Omicron COVID variant could lead to infection surges globally, WHO warns

WHO Director-General Dr. Tedros Ghebreyesus and US President Joe Biden
The World Health Organization (WHO) has warned that the Omicron coronavirus variant poses a high risk of infection surges around the globe.
The WHO on Monday said the variant could lead to severe consequences in some regions.
The head of the organisation, Dr. Tedros Ghebreyesus, renewed a call for a global push to get vaccines to poorer nations.
He warned that COVID-19 still remains a threat. 
"We shouldn't need another wake up call. We should all be wide awake to the threat of this virus, but Omicron's very emergence is another reminder that although many of us might think we're done with COVID-19, it's not done with us. We're living through a cycle of panic and neglect. Hard won gains could vanish in an instant. Our most immediate task, therefore, is to end this pandemic," he suggested.  
The variant was detected in South Africa earlier this month with initial evidence suggesting it has a higher re-infection risk. 
The WHO said Omicron has an unprecedented number of spike mutations, some of which are concerning for their potential impact on the trajectory of  the pandemic.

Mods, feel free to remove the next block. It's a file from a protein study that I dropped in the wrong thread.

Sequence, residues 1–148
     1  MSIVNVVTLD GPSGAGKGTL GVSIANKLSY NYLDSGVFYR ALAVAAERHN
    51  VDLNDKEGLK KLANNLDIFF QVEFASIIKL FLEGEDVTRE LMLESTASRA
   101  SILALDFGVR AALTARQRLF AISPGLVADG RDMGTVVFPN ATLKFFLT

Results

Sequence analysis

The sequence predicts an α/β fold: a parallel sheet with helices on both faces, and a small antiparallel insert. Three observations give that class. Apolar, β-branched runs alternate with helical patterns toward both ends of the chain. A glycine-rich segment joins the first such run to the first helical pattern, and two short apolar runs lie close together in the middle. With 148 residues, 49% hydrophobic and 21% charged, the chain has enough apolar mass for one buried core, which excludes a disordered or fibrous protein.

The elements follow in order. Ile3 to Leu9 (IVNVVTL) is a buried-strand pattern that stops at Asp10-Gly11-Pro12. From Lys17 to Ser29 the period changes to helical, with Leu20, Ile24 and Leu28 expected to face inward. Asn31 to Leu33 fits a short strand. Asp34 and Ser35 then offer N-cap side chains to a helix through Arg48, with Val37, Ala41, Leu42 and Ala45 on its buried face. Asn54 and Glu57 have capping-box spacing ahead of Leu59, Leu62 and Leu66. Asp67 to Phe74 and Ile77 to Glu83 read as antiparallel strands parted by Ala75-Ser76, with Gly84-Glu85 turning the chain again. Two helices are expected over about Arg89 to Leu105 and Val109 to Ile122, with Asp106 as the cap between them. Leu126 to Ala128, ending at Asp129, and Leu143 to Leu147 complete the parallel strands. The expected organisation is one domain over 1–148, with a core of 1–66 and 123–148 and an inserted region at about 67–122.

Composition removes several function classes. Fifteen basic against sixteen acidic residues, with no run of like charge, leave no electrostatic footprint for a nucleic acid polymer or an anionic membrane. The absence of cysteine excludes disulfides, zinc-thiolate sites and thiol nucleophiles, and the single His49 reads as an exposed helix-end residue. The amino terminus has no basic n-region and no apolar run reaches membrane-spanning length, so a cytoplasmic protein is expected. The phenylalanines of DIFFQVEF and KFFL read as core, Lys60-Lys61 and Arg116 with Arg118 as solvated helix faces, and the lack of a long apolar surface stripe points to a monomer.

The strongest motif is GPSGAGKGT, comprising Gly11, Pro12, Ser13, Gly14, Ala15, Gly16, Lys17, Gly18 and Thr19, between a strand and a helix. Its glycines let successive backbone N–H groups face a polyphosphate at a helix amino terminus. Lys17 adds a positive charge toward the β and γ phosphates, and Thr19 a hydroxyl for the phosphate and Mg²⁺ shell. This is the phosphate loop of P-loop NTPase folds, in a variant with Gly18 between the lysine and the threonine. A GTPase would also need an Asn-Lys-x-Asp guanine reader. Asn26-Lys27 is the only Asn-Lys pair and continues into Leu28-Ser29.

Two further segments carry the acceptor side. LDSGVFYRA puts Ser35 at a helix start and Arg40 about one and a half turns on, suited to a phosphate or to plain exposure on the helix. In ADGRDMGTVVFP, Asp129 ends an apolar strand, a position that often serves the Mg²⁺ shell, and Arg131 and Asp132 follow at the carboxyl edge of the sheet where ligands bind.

Cases have already been reported in a number of countries including Canada, the UK, Portugal, Belgium and the Netherlands.
Remain calm
US President Joe Biden on Monday urged Americans to remain calm as scientists work to determine the strength and the transmissibility of the new Omicron variant of the coronavirus, saying the US has the ability to deal with the new strain that is circulating across the globe.
The president, flanked by chief medical adviser Dr. Anthony Fauci and Vice President Kamala Harris, told Americans the variant is a cause for concern, not a cause for panic.
He said the US has more tools to fight COVID-19 than ever before, and is in a much better position to fight the virus than it was a year ago. 
The president said he will release a more detailed strategy on Thursday for fighting COVID-19 and the Omicron variant in the weeks ahead. 
"In the event, hopefully unlikely, that updated vaccinations or boosters are needed to respond to this new variant, we will accelerate their development and deployment with every available tool," he said. 
"I want to reiterate, Dr. Fauci believes that the current vaccines provide at least some protection against a new variant and the boosters strengthen that protection significantly. We do not yet believe that additional measures will be needed, but so that we are prepared if needed, my team is already working with officials at Pfizer and Moderna and Johnson and Johnson to develop contingency plans for vaccines or boosters if needed," Mr. Biden added. 

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